*NOTE: I found this quote and intended to write a poem, but as things happen when writing, my hand took over with a mind of its own and this is the resulting story …
“… a drop of free water … “
She found herself once again at the ruins of the spring. It still flowed but the housing that surrounded the free-flowing water had been damaged during the ‘resistance’. Those looking for fresh clean water destroyed the protective rock well housing when to them the sulfur tasting water was determined undrinkable…so they tried to ruin the spring. In reality, the sulfur smelling and tasting water had curative qualities first discovered by the Indians calling this area home hundreds of years ago. But, for those panicking when water no longer flowed from their home taps didn’t trust any water source that smelled or tasted ‘off’.
When she was a child, the spring fed a large pool with sparkling blue water. That pool was fed by the spring that flowed into the pool and keeping a constant water level by flowing freely out the opposite side through a flue pouring into the adjoining creek. The water was a constant 72 degrees that took the breath away with the first plunge. She swam in the icy water often and her father built the still standing bridge over the creek.
Before the ‘resistance’ she still spent hot summer days floating in that cold water – a special treat on 100 plus summer days. The pool was gone … another victim of the raiders, but the spring still flowed and created it’s own path to the creek. Nothing could turn off nature. There was no on/off switch to flip that stopped the water. Water of all kinds will find a path of its own and the spring was no exception.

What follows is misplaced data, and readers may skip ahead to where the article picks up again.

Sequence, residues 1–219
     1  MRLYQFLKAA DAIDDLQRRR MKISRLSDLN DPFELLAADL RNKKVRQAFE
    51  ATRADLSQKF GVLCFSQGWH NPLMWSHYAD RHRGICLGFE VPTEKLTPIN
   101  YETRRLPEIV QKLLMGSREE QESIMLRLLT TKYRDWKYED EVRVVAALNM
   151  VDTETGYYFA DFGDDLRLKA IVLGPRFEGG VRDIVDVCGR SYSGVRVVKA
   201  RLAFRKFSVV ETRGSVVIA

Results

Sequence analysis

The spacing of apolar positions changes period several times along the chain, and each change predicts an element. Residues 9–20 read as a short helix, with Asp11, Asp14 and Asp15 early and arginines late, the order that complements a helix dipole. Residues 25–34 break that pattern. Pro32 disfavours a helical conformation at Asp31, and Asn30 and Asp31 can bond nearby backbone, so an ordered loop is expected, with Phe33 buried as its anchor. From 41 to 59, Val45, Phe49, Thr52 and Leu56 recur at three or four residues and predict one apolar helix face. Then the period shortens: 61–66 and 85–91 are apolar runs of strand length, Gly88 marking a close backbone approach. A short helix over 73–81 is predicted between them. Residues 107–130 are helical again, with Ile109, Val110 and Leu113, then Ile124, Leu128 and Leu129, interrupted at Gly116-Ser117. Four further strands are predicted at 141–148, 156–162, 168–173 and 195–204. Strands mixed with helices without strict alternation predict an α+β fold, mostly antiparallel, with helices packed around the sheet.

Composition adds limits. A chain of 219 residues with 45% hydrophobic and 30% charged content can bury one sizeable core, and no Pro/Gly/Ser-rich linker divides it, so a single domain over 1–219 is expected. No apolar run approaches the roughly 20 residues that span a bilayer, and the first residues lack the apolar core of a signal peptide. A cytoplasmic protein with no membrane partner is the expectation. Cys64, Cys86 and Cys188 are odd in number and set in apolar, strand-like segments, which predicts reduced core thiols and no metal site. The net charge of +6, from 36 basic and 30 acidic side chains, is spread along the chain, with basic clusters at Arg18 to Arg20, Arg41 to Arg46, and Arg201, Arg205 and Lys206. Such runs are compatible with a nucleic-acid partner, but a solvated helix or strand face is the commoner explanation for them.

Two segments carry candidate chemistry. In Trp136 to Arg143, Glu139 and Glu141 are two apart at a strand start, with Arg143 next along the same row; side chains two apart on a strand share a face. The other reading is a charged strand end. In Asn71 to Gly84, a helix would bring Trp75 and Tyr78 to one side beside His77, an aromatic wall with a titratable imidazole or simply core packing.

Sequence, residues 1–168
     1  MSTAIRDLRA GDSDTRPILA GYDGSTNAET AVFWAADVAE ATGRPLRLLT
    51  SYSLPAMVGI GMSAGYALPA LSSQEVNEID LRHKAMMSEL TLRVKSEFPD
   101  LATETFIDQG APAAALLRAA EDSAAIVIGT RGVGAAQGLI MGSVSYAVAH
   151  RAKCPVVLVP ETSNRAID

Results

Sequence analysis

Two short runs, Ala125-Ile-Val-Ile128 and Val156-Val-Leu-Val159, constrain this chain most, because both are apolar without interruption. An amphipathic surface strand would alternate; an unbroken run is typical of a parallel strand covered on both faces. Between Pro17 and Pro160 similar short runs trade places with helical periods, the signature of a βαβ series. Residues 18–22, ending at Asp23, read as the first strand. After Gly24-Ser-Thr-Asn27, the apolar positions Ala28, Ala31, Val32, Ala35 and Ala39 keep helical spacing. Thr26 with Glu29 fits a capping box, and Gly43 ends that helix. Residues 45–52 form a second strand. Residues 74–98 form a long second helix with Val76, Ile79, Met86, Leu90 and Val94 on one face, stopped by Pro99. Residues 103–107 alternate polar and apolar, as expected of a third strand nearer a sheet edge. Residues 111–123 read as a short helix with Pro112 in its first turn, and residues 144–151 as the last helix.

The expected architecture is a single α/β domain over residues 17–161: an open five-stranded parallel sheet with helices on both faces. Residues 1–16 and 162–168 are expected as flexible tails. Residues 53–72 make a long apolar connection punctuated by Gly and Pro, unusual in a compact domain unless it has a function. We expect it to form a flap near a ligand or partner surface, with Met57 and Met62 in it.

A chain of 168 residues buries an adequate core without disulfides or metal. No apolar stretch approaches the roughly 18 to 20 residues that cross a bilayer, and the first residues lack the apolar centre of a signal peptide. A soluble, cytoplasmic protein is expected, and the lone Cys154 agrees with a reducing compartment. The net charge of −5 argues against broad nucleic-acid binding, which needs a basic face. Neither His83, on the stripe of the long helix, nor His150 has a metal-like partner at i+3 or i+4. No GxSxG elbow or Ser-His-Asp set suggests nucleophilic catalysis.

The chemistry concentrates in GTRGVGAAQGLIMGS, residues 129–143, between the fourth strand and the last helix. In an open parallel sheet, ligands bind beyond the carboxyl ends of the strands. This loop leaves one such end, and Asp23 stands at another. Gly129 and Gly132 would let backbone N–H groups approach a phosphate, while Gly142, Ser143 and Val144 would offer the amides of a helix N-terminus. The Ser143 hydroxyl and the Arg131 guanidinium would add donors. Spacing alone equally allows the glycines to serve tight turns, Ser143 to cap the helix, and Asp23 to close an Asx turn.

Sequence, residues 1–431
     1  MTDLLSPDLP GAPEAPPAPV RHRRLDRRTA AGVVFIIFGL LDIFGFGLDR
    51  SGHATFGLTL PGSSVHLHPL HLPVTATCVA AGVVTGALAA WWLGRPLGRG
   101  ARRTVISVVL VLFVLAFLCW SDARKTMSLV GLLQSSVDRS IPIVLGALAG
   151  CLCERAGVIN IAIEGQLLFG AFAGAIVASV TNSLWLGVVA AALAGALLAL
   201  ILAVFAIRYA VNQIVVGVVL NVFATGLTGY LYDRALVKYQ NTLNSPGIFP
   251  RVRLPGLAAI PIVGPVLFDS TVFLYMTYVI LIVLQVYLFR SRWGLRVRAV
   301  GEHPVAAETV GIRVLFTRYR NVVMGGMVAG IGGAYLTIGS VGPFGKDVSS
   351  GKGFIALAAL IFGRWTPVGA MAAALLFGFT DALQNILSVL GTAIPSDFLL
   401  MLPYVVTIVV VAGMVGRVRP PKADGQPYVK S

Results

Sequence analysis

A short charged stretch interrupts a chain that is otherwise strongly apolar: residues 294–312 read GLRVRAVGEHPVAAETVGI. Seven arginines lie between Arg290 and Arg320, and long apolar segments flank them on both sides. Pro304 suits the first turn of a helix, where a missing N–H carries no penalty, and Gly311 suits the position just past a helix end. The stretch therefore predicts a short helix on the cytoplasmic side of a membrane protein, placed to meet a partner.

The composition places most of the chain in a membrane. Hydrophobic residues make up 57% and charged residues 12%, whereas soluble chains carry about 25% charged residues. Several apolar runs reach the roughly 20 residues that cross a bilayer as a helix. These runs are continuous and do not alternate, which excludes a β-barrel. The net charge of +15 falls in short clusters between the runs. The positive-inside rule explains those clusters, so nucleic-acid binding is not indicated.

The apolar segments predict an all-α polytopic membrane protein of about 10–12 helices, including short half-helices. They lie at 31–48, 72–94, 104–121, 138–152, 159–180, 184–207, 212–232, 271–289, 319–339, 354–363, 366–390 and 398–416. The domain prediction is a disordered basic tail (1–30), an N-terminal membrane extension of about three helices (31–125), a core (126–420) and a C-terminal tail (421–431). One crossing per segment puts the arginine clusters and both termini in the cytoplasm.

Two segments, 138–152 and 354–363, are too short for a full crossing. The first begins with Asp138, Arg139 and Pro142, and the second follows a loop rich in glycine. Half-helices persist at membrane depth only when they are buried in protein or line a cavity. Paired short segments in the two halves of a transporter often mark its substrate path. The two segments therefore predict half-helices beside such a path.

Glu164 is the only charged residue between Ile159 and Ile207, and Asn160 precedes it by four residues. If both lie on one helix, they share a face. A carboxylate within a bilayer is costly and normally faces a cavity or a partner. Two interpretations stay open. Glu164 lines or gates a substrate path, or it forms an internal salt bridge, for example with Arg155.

All the huge oak and pecan trees were gone. Chopped down long ago to feed fires of the … not homeless … but houseless … those houses ripped apart by the government extremists making sure the people were robbed of every tiny of piece of their humanity. No one had electricity or gas even before the houses were destroyed so people used any available wood to start fires at temporary camps as they wandered aimlessly through the land … without hope … trying to survive. No one was here at the spring right now. All the wood was gone and they wouldn’t drink the water … so the wanderers moved on leaving their mark of destruction on this sacred place.
She was lucky to have a house and a deep water well topped by a creaky old-fashioned windmill to bring that precious water to the surface. There was a garden plot, a few chickens and a good milk cow … her life was hard but so much better than most. She took in the old and sick making sure they were safe, and fed. Others found their way to her and as a result created a community where everyone pulled their own weight to survive.
Today she was an hour from home. A trip once made comfortably and quickly when there were cars. Her community was fortunate to have a young strong horse and a good-sized wagon. She and some of the young ones who found their way to her community took all day to forage. The wagon was piled high with things they found along the way that would be used to make their life a bit easier or passed on to others that were in need. She asked to be left alone at the spring for a while. No explanation … no questions … just acceptance as they continued looking for anything that could be used.
Hearing their strong young voices singing she knew it was time to begin the return trip … a trip that would take well into the night. No one in her community had any family but they were creating a redefining what family meant for the future.
The young ones called her ‘Sweet Mama’ … ironic since should was never able to have children of her own. They created a wonderful padded be in the wagon and insisted she rest on the trip home. Our wagon turned northwest and followed the setting sun for home.
Copyright © 2017 Annie
Always…I wish you peace, joy and happiness, but most of all I wish you Love.
As Ever, Annie